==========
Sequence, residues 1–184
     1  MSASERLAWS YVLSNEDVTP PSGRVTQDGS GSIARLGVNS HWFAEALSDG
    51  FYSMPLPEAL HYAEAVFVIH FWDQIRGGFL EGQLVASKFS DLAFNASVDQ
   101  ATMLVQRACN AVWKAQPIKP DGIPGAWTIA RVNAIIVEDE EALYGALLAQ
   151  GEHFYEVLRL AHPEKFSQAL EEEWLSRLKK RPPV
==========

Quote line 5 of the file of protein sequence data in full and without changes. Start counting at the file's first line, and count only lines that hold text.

   151  GEHFYEVLRL AHPEKFSQAL EEEWLSRLKK RPPV